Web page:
Different Starting Distances Affect 5-m Sprint Times

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Abstract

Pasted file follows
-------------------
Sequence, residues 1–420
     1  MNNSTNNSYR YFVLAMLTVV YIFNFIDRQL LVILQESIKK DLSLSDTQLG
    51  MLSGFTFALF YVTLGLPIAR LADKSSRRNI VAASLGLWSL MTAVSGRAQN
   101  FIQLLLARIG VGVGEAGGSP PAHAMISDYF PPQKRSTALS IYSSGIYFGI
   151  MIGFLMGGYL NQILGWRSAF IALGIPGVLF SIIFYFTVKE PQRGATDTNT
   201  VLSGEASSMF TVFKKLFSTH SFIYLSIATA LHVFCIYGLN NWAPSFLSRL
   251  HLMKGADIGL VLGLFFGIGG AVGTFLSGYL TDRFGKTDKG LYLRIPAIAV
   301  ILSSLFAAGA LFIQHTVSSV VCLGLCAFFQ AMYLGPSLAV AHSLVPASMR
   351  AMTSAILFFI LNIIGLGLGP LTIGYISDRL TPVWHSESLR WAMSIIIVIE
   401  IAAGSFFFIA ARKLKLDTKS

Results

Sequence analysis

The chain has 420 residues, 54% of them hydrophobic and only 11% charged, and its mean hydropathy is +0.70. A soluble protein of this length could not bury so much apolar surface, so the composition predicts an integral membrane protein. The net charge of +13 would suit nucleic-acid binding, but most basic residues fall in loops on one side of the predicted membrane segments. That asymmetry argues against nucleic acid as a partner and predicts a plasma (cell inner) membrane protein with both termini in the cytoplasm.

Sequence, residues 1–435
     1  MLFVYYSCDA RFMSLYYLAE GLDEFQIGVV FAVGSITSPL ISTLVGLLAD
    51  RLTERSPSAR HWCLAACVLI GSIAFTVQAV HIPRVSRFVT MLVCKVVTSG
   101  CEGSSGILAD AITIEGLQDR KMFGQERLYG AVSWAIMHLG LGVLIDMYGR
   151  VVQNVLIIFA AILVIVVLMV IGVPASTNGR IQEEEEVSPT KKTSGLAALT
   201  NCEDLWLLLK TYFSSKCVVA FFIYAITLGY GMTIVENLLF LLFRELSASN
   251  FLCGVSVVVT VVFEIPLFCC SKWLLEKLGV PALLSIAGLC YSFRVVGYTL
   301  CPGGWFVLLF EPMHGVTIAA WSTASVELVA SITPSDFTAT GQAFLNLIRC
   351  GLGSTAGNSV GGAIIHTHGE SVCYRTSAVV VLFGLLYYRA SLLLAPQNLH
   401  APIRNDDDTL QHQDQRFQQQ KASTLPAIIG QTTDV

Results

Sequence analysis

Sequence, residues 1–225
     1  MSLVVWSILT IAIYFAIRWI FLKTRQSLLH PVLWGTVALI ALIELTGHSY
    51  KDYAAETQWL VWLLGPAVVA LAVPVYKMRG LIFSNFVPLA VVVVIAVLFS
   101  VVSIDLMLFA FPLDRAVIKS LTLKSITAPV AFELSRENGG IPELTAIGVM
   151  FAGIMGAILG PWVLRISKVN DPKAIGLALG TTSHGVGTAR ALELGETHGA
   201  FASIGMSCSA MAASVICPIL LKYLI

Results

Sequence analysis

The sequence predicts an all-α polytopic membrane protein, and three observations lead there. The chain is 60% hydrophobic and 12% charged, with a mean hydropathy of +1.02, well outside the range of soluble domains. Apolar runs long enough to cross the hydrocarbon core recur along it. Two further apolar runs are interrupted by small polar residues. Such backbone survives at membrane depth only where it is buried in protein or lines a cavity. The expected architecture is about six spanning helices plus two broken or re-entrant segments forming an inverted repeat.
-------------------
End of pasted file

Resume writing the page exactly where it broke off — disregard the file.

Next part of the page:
Altmann, S, Hoffmann, M, Kurz, G, Neumann, R, Woll, A, and Haertel, S. Different starting distances affect 5-m sprint times. J Strength Cond Res 29(8): 2361–2366, 2015—The purpose of this study was to quantify the effect of different starting distances on 5-m sprint time and the accuracy of the initial timing gate. A single-beam timing gate system (1 m high) was used to measure 5-m sprint time in 13 male sports students. Each subject performed 3 valid trials for 3 starting distances: 0.3, 0.5, and 1.0 m from the initial timing lights, respectively. A high-speed video camera was used to track a reflective marker placed on the subjects' hip within a field of view around the initial timing gate. Accuracy of the initial timing gate was defined as the time between the initial timing light trigger and passing of the reflective marker by the initial timing gate. Sprint times were significantly faster for the 1.0-m starting distance (0.98 ± 0.06 seconds) than for the 0.5-m (1.05 ± 0.07 seconds) and the 0.3-m (1.09 ± 0.08 seconds) starting distances (p < 0.001). There were no differences in initial timing gate error between starting distances (p = 0.078). Hence, starting distance influenced sprint times but not the accuracy of the initial timing gate. Researchers and coaches should consider the effect of starting distance on 5-m sprint time and ensure consistent testing protocols. Based on the results of this study, we recommend a starting distance of 0.3 m that should be used for all sprint performance tests.

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